As France set outs to ban vapes some in UK call for tougher measures

Could Britain be next to ban vapes? As France set outs to prohibit disposable ‘puffs’ and other countries crack down on them – how some in UK are calling for tougher measures

  • Campaigners have called for a ban on disposable e-cigarettes in Britain
  • READ MORE: Kids as young as EIGHT are hooked on vaping, shock data shows

Campaigners have called on Britain to follow countries including Australia and New Zealand in cracking down on e-cigarettes following new plans by France to ban disposable vapes by the end of 2023. 

More than 150,000 people have now signed a Greenpeace petition to ban disposable e-cigarettes after Britain’s local councils previously called for a ban on the ‘inherently unsustainable products’ that ‘blight our streets’. 

The Local Government Association (LGA) previously urged the UK to take action ‘to protect our planet, keep children safe and save taxpayers money’ as it warned vapes are ‘almost impossible to recycle’ and that they are being marketed to young people. 

Now, the French government has vowed to push ahead with its own plans to ban disposable e-cigarettes over claims they encourage smoking among young people. 

France’s plans follow the imposition of tough new restrictions imposed on vapes in both Australia and New Zealand, alongside plans put forward by countries including Germany and Ireland to crack down on e-cigarettes.   

France has vowed to ban disposable vapes as part of a national anti-smoking crackdown. It has not been announced when the ban will come into force yet

Elisabeth Borne (pictured), France’s prime minister, said in an interview with RTL radio that the government will soon unveil its new plan to combat smoking, which she said is the cause of 75,000 deaths a year in the country

French prime minister Elisabeth Borne said in an interview with RTL radio on September 3 that the French government is planning to unveil new plans to tackle smoking, which will include a ban on disposable vapes.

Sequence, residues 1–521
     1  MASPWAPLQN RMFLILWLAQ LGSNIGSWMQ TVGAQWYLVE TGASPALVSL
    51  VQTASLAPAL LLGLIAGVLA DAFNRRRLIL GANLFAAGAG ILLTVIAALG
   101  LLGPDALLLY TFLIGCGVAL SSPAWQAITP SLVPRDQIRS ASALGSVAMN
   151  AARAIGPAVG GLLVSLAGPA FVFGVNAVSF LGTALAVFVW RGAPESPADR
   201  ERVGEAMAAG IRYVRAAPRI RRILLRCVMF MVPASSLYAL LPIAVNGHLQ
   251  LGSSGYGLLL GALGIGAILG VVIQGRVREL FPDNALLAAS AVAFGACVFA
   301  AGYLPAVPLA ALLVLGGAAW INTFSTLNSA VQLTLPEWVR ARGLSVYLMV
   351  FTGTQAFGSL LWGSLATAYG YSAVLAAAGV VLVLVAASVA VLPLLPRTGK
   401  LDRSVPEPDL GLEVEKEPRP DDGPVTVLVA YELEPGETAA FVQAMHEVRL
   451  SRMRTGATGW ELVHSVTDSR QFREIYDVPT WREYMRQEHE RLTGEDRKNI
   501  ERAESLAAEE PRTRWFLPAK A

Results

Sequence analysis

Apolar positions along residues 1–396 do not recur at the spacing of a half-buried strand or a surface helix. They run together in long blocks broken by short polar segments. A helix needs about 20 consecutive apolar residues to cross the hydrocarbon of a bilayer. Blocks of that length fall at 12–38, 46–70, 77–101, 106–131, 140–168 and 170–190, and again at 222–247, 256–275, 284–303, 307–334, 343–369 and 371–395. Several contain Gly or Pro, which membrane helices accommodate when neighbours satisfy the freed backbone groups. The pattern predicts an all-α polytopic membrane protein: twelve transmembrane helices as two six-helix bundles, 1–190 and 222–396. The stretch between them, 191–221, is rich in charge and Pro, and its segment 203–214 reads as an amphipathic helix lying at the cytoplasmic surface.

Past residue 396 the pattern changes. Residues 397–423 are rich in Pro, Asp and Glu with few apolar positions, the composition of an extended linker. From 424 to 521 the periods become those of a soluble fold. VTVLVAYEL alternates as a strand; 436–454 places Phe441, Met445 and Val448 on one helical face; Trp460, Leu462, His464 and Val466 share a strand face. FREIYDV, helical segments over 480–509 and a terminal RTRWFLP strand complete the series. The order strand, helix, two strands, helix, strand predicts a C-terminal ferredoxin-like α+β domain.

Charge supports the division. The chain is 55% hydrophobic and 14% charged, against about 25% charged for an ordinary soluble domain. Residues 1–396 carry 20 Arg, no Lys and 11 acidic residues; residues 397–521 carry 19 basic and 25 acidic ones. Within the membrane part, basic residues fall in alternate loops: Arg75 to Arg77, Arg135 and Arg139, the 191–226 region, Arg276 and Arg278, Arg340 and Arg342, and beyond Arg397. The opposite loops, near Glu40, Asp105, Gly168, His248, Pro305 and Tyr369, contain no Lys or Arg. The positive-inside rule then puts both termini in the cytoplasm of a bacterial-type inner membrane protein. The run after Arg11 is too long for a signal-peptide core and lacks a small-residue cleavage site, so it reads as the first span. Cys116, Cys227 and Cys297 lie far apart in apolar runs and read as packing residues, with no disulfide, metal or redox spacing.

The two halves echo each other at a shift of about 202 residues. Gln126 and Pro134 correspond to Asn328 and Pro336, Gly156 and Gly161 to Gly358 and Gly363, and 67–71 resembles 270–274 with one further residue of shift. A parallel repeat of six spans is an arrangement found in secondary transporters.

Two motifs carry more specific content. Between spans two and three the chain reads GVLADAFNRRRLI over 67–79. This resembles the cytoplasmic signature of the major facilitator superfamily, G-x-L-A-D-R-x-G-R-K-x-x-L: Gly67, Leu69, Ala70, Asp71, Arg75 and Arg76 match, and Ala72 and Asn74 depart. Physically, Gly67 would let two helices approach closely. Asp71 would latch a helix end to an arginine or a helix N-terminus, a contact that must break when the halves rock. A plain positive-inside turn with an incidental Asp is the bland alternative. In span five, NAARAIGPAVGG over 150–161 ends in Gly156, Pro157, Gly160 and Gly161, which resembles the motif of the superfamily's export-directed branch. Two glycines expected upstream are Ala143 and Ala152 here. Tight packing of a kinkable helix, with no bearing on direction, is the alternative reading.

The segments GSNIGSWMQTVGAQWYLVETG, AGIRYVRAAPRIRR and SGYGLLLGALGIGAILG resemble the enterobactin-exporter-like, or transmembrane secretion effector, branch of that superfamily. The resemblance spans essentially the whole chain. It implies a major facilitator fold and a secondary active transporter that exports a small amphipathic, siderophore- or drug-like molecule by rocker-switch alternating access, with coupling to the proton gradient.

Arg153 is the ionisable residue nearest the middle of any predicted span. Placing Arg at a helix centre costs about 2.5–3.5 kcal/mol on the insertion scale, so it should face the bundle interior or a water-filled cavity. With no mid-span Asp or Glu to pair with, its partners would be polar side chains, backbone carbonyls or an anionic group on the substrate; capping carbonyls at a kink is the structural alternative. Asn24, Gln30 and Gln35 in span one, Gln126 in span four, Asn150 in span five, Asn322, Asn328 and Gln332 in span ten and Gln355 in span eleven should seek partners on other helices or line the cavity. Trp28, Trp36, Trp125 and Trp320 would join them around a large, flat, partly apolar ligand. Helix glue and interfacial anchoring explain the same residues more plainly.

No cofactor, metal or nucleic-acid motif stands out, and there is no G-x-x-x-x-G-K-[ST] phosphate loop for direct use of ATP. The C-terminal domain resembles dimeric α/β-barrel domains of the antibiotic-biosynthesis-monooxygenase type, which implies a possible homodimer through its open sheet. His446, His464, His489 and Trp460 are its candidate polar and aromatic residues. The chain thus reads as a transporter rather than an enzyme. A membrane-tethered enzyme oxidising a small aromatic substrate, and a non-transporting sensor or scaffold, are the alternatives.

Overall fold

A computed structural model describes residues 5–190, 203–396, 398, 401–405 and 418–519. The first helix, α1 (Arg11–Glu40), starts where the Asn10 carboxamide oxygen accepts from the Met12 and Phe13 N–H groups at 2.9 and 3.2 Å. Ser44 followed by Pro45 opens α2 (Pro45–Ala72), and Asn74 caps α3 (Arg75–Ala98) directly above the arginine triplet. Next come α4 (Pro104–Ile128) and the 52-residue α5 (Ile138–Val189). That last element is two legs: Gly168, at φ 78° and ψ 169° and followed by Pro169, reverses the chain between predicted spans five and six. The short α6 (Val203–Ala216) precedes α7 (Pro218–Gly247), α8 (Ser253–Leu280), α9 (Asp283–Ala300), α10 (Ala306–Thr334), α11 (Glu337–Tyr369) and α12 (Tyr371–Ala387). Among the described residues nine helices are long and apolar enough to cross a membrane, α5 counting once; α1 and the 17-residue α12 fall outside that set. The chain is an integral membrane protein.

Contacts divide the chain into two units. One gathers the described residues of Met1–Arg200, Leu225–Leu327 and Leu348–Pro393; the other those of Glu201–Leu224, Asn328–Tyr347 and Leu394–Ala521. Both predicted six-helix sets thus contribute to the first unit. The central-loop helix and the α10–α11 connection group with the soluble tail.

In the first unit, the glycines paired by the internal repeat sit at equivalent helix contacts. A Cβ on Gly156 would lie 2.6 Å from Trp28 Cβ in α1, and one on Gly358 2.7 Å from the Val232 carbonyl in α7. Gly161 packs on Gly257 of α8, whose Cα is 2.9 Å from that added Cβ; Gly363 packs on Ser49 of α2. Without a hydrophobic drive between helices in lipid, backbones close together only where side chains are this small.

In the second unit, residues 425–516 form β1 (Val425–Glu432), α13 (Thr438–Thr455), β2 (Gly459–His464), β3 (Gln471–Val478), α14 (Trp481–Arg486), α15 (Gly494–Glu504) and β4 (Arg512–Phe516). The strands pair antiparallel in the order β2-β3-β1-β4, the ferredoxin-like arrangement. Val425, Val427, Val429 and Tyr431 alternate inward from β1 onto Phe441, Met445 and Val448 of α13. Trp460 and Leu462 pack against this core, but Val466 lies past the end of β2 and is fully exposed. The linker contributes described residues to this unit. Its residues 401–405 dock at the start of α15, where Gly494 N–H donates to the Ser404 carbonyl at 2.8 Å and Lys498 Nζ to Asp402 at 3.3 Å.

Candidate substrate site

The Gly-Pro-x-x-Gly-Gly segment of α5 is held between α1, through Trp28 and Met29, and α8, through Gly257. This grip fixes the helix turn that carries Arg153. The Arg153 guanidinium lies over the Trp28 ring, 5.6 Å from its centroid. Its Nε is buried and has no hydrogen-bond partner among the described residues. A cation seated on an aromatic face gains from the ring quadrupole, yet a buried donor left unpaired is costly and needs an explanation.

READ MORE Single-use vapes should be BANNED, councils declare: Authorities warn the brightly-coloured gadgets are getting kids hooked on nicotine and are bad for the environment

Ms Borne said vapes ‘are giving bad habits to young people,’ as she said claimed smoking causes 75,000 deaths in France each year.  

‘It’s a reflex and a gesture that young people get used to. That’s how they get into smoking,’ she said.

France’s plans come amid a growing backlash against vapes, that has seen the EU propose plans to ban disposable e-cigarettes by the end of 2026.

Both Germany and Ireland have outlined their own plans to place restrictions on vapes, with the German government currently considering an outright ban on disposable e-cigarettes.  

Separately, Australia has put in place measures to make vapes available only to those who have prescriptions. 

New Zealand has also put in place restrictions that ban vape shops from being within 300 metres of a school and which ensure all vapes must have removable batteries. 

The UK’s LGA in July had previously called for similar measures to be put in place in Britain, in calling for vapes to be ‘banned on environmental and health grounds’. 

Greenpeace has launched a petition calling for a ban on disposable vapes that has been signed by more than 150,000 people

The LGA claimed 1.3million disposable vapes are thrown away in Britain each week

The body representing Britain’s local councils said disposable vapes are ‘almost impossible to recycle’ as it warned the flammable lithium batteries contained inside them pose a fire hazard for bin lorries. 

READ MORE Vape shop sells E-CIGARETTES alongside SWEETS as worries grow about the vaping epidemic among children as young as eleven

The LGA claimed the 1.3 million disposable vapes that are thrown away each week are littering Britain’s streets. 

Environmental campaign group Greenpeace has also launched a petition calling for a ban on disposable vapes, in claiming they ‘are littering our communities, leaking chemicals into the environment and endangering local wildlife.’ 

Campaigners claim the sweet and fruity flavours available – including pink lemonade, gummy bear and watermelon – make vapes attractive to teenagers and young people. 

Vapes are currently sold in France at prices ranging from between 8-12 euros (£6.86-£10.29). 

An existing ban on the sale of electronic cigarette devices to those under 18 is not widely respected. Promoting or advertising such products is also banned.

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